Sir James George Frazer > The Golden Bough > Page 333
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Sir James George Frazer (1854–1941).  The Golden Bough.  1922.

Page 333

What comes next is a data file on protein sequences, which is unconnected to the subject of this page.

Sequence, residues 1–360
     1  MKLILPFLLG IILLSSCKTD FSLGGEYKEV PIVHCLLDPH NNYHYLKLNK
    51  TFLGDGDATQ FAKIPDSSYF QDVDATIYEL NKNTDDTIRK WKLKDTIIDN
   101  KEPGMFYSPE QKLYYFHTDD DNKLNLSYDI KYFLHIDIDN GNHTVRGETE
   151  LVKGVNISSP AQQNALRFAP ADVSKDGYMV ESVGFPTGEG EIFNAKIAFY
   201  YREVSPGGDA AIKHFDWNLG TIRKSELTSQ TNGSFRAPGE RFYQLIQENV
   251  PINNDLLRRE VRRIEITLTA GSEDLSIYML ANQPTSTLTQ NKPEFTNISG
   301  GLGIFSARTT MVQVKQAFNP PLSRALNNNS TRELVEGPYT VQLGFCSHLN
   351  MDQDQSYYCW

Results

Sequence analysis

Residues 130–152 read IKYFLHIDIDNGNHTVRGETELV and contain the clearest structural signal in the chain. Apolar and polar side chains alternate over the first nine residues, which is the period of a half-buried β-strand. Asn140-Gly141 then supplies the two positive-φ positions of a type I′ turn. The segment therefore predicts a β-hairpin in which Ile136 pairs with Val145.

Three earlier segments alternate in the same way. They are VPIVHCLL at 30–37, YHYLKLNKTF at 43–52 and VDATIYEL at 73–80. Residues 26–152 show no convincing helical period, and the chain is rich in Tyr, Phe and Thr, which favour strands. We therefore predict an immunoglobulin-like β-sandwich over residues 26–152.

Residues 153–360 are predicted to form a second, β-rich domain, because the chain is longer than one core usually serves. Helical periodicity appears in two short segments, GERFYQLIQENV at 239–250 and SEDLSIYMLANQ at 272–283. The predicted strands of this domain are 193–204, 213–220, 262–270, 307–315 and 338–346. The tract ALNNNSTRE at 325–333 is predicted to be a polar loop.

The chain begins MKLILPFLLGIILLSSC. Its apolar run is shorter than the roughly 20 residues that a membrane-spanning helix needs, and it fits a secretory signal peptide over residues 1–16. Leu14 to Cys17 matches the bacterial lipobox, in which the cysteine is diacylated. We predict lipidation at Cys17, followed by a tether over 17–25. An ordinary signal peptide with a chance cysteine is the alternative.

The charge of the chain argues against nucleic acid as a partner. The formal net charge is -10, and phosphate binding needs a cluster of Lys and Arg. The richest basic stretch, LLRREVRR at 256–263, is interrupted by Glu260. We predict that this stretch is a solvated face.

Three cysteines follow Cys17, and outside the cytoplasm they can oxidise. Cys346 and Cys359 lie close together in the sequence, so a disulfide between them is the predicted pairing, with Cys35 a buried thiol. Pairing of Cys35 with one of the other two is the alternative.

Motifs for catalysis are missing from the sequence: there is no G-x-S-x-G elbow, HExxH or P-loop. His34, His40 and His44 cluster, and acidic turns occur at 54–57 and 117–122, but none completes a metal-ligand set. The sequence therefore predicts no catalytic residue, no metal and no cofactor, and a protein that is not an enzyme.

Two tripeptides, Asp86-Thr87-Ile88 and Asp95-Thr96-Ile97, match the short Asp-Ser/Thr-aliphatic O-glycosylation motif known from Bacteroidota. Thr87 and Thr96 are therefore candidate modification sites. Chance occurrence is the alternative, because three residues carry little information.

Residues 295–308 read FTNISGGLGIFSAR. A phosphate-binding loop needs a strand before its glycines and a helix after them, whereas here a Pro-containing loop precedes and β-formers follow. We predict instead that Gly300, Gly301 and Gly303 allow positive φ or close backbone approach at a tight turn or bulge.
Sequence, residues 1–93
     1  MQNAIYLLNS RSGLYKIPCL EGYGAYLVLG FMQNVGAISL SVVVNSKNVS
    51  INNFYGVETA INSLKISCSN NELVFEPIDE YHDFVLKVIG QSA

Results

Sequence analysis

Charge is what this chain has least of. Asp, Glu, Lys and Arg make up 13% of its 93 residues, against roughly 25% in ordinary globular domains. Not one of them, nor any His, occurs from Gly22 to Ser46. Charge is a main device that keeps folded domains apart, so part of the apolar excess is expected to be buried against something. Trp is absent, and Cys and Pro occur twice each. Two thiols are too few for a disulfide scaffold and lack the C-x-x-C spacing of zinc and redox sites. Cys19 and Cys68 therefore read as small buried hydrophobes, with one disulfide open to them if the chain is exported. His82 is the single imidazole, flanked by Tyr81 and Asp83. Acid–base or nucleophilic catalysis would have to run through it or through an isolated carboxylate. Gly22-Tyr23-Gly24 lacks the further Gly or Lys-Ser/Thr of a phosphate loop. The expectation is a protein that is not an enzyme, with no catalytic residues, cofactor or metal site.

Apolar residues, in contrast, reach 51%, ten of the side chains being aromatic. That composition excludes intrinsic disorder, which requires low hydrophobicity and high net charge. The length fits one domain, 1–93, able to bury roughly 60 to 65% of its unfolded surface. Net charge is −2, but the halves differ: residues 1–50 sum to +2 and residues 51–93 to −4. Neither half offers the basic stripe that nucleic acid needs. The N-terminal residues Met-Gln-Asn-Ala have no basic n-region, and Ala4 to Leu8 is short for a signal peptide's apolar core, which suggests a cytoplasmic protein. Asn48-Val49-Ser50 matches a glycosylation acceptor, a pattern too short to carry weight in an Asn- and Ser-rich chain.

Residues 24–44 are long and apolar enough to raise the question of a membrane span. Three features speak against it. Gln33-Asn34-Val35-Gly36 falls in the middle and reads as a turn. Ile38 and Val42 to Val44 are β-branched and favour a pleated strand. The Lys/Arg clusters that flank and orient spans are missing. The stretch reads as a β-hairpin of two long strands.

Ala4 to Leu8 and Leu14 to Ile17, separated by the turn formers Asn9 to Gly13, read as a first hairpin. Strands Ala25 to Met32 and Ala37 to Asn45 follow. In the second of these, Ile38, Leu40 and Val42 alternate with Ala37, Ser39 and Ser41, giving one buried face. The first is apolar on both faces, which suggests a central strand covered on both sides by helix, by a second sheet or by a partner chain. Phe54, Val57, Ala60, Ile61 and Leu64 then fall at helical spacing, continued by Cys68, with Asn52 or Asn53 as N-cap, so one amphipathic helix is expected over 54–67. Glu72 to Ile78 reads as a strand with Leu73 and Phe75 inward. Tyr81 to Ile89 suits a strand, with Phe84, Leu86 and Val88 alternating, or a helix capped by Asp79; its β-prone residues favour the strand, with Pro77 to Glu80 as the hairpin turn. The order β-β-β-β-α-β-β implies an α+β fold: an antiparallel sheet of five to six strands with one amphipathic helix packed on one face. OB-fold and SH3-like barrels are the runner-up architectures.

the Phoenician kings of the island. It is true that the title strictly signified no more than “lord”; yet the legends which connect these Cyprian princes with the goddess of love make it probable that they claimed the divine nature as well as the human dignity of Adonis. The story of Pygmalion points to a ceremony of a sacred marriage in which the king wedded the image of Aphrodite, or rather of Astarte. If that was so, the tale was in a sense true, not of a single man only, but of a whole series of men, and it would be all the more likely to be told of Pygmalion, if that was a common name of Semitic kings in general, and of Cyprian kings in particular. Pygmalion, at all events, is known as the name of the king of Tyre from whom his sister Dido fled; and a king of Citium and Idalium in Cyprus, who reigned in the time of Alexander the Great, was also called Pygmalion, or rather Pumiyathon, the Phoenician name which the Greeks corrupted into Pygmalion. Further, it deserves to be noted that the names Pygmalion and Astarte occur together in a Punic inscription on a gold medallion which was found in a grave at Carthage; the characters of the inscription are of the earliest type. As the custom of religious prostitution at Paphos is said to have been founded by king Cinyras and observed by his daughters, we may surmise that the kings of Paphos played the part of the divine bridegroom in a less innocent rite than the form of marriage with a statue; in fact, that at certain festivals each of them had to mate with one or more of the sacred harlots of the temple, who played Astarte to his Adonis. If that was so, there is more truth than has commonly been supposed in the reproach cast by the Christian fathers that the Aphrodite worshipped by Cinyras was a common whore. The fruit of their union would rank as sons and daughters of the deity, and would in time become the parents of gods and goddesses, like their fathers and mothers before them. In this manner Paphos, and perhaps all sanctuaries of the great Asiatic goddess where sacred prostitution was practised, might be well stocked with human deities, the offspring of the divine king by his wives, concubines, and temple harlots. Any one of these might probably succeed his father on the throne or be sacrificed in his stead whenever stress of war or other grave junctures called, as they sometimes did, for the death of a royal victim. Such a tax, levied occasionally on the king’s numerous progeny for the good of the country, would neither extinguish the divine stock nor break the father’s heart, who divided his paternal affection among so many. At all events, if, as there seems reason to believe, Semitic kings were often regarded at the same time as hereditary deities, it is easy to understand the frequency of Semitic personal names which imply that the bearers of them were the sons or daughters, the brothers or sisters, the fathers or mothers of a god, and we need not resort to the shifts employed by some scholars to evade the plain sense of the words. This interpretation is confirmed by a parallel Egyptian usage; for in Egypt, where the kings were worshipped as divine, the queen was called “the wife of the god” or “the mother of the god,” and

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